A little fiddling with the 5 screws as per above, if necessary, should set the clearance so the meter clears the top plate by about 1&1/2 mm while still allowing the pin to drop into the slot in the shutter speed dial on the camera when the shutter speed wheel is returned from somewhere in the 4 seconds thru 120 seconds range to the “B” position.

Once the pin drops down at the “B” position the shutter speed dial should be rotated to all positions to make sure that the pin continues to engage the slot & does not slip out between any of the the settings “B” thru “1000”.

Who Knew? Mac Guys Love Old Leicas Too

5529429579_2c107e621b_zWhen I worked on my college paper a million years ago, my buddy Bruno had Leicas. This made him the coolest person in the whole wide world.

The cameras were tiny and had the smoothest-operating lenses I had ever touched. They were a feat of German engineering. For me, it was love at first sight. I don’t know why, but I couldn’t stop lusting for one of those tiny black boxes.

I immediately started my quest to get one. I had to have a Leica. And because this was the mid-’80s, I definitely wanted an M6, which was introduced in 1984. Hell, it was advanced. It had a meter. The first real meter in a Leica, if you disregard the much-maligned M5.

It turns out all my favorite photographers used the Leica. Henri Cartier-Bresson carried a Leica his entire career, using it to make the photographs in the seminal photobook The Decisive Moment,. Robert Frank shot his project The Americans, the one photo book anyone who loves documentary photography should own, with a Leica. And the list goes on and on: Marc Riboud, Eli Reed, Alex Webb, David Alan Harvey.

1382-leica-m6

At the time, I had to settle for an M4-2 but I never stopped coveting an M6. Just as the digital revolution started kicking into full steam, the prices on Leica’s film cameras took a slight dip and I snatched up an all-black M6, slapped some gaffer tape over all the logos and never looked back.

The M6 and I took to the streets every day. It was never an easy camera to use — it requires practice and focused attention — but when everything comes together in a single frame, there is nothing quite like it.

Unlike a single lens reflex camera, where what you see is what you get, the rangefinder of the Leica forces you to embrace the unknown. Because it does not use a mirror like a traditional SLR or DSLR, the lens can sit closer to the film plane, creating what Leica aficionados claim, with some degree of accuracy, are the most beautiful photos in the world. Just google the terms “bokeh” and “Leica.” The results should send you tumbling down an amazing camera-geek rabbit hole.

Maybe it is the amazing lenses, maybe it is journey over destination or maybe it is just my sentimental self playing tricks on me, but no other camera has ever captured my soul quite like the Leica M6.

Machine Crush Monday is Cult of Mac’s weekly riff on #MCM. Read more at http://www.cultofmac.com/276921/machine-crush-monday-leica/#thzomHYPG3pT1KVB.99

Leica M5 Selfie

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I love the M5. I have two of them, black and chrome. It’s the camera I cut my teeth on, photographically, all those years ago. Most leicaphiles dismiss it as a stylistic wrong turn. I disagree. The M5 has a beauty all its own. Personally, I prefer the look of the chrome M5, as the chrome compliments the “boxy” styling.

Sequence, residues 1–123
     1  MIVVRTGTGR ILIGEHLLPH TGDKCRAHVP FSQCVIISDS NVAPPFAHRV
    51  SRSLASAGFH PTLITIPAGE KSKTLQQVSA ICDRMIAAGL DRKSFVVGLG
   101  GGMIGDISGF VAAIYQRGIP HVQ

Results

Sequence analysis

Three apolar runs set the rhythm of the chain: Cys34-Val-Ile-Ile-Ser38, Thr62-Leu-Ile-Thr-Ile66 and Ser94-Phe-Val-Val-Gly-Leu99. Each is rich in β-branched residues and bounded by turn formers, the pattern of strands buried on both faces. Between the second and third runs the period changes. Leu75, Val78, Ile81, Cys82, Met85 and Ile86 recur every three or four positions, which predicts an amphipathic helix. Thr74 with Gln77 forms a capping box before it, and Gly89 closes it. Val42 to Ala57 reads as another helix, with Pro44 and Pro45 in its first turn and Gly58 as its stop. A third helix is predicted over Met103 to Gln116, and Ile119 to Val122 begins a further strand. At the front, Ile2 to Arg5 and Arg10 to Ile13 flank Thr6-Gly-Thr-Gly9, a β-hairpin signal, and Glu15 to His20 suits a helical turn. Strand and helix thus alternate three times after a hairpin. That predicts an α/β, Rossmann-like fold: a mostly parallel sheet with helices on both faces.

I also love this photo because of its unmistakable film aesthetic: the grain, the tonality, the character. (Tri-X and HC110 and a Nikkor HC 50mm). Film responds differently to light than does a digital sensor. Sensors have a flat linear response to light.  Film has a curved response, typically in a S curve, whereby both ends of the curve, the shadows and highlights, tend to be richer in tonal value than digital. Its these differences that give the unique look to both.

With the maturation of digital capture, the question of film vs digital resolution really doesn’t make sense anymore. Film and digital are two completely different media. Each has it’s strengths and limitations. Digital files can’t be made to look like this, even with extensive tweaking in Silver Efex or other programs that attempt to replicate the film look.

And certainly, no digital camera has the feel of a mechanical Leica. There’s a tactile quality to mechanical film cameras that simply has not, and cannot, be duplicated with digital.

Call me a Luddite.

 

The Leica IIIg: Pleasure of Use As An Aesthetic Experience

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Above is the camera I probably use more than any other camera I own, and I own a bunch of them. It’s a Leica IIIg 35mm film camera with a Leicavit trigger winder and an external viewfinder to allow the use of the 3.5cm Nikkor lens mounted on it (the native viewfinder only accommodates a 50mm perspective). It needs no batteries because it has no electronics. It is purely mechanical; not even a light meter to suggest proper exposure. Of course, being completely mechanical, it has no automation. You set shutter speed and f-stop, you wind and rewind the film by hand with a knurled knob. To focus you look through one window (the rangefinder) to gain focus and then move your eye to a second window (the viewfinder) to frame your shot.

The question I often ask myself is why? Why do I use this camera so often to the exclusion of newer, “better” cameras (leaving aside the whole issue of why film in a digital age)? Sitting next to it on my shelf is a Nikon F5, the best and most technologically advanced 35mm film camera ever made, or, if it’s a question of preference for a rangefinder camera, a Hexar RF, a metered rangefinder built by Konica in 1999 with auto exposure, auto film wind on and the ability to mount Leica bayonet mount lenses. Yet I rarely use either when I have the choice of picking up the IIIg. And you’ll never find me staring lovingly at the F5 or the Hexar as you will when the IIIg is within my view.